In fact, the game quickly becomes “which mission will let me evolve my attack skills” vs. “what’s the next step in the story?” as you amp up Heller to his maximum potential, something you can continue to do after you have completed the main game. You advance Heller by following the main story, consuming DNA strands in humans and laboratory specimens, completing sidequests, and even competing in Radnet challenges, which are completely separate from the storyline and included as a bonus through code activation (and are a bit ridiculous).
Heller’s abilities don’t differ that much that Mercer’s: both have Claws, Hammerfists, Whipfists, and so on. However, Mercer’s Musclemass ability has been replaced with Heller’s Tendrils, which can pummel enemies and suck a ton of debris towards one of them as a “Black Hole” attack. Heller also has two Devastator Attacks, one where he performs an enormous ground slam, and the other where he summons Brawlers in a “Brawler Pack” and they fight for him.
Like Mercer, Heller can also use any human weapons he finds, from the assault rifle to the missile launcher, and he can hijack both enemy air and enemy armor. Once he has mounted the vehicle, he can choose to Weaponize (tear off a turret or missile launcher and wield it), Finish (devastating finish move), or Hijack, depending on his skill levels and evolution abilities. Weaponizing or finishing is often the best bet, but you need to use enemy vehicles in missions from time to time, so hijacking can be useful for infiltration.
Visually, Prototype 2 is an enormous improvement over Prototype, without any slowdowns and frame rate drops you might expect when your screen becomes ultra-busy. The city and texture maps are more detailed, and you frequently swing the camera around just to see what you can pick out. Taking a chopper across the city, while not as cool as jumping Hulk-style from building to building, illustrates how dramatic the world can look from a bird’s eye view, while the ground-level combat scenes are equally impressive.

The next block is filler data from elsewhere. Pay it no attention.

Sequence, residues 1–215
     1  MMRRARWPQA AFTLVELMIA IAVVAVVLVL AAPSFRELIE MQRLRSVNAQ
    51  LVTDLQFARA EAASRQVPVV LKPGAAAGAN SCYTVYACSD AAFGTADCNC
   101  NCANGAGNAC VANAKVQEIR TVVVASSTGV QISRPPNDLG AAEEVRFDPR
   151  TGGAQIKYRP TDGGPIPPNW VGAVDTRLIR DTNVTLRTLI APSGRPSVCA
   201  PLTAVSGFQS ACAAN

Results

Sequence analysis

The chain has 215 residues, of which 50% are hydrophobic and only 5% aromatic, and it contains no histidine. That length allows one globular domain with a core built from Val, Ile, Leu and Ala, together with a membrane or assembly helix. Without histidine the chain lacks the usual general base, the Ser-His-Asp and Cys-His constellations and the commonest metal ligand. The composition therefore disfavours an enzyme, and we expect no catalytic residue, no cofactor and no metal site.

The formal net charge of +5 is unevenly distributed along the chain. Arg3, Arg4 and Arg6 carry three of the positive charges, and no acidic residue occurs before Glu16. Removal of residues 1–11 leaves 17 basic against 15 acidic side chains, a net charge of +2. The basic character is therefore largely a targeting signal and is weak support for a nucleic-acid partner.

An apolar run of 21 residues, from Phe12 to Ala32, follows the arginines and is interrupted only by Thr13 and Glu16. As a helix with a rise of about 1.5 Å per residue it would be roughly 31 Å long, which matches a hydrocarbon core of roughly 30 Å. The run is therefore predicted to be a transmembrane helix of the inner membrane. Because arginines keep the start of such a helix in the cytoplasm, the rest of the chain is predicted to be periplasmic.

That said, there were many instances of texture pop, clipping, and items not held correctly by characters. Not “features” you expect after a partial install to the PS3 hard drive. But it’s nothing that detracts overall from the entire experience. If anything, the Radnet challenges are the most jarring. Having Heller divebomb on to a stationary squad of non-reactive soldiers is fun once or twice, but where’s a Survival Mode or a Cause As Much Destruction As Possible wave?
While it won’t bowl you over, Prototype 2 has a finely understated dynamic musical score that is ominous when it needs to be, shifting into a fast-paced tune when you’re engaged in combat, or once you have been spotted by a Detector. When the music doesn’t intrude into your brain and annoy you, that’s a good thing.
One thing that separates Prototype 2 from the original is the humor, despite the fairly heavy storyline involving mass murder, and the death of the protagonist’s wife and daughter. That, and a ton of f-bombs. You’ll think Scarface and 50 Cent: Bulletproof are church hymns compared with Heller’s overpowering potty-mouth alongside nearly every other NPC in the game.
The story also contains several twists and turns, ultimately culminating in a finish that feels oddly out of context with the first game. But, there’s no denying that James Heller is a much more interesting (and fun to play) protagonist than Alex Mercer. At the very least, you’ll enjoy his angry Mr. T impersonation while leaping around the city.
Prototype wasn’t a bad experience, but Prototype 2 builds on that framework, and provides a much richer gameplay experience. You might not replay this several times, but the main storyline provides about 12 to 15 hours of enjoyment, and the completetists out there will continue leveling Heller up long after the game is over.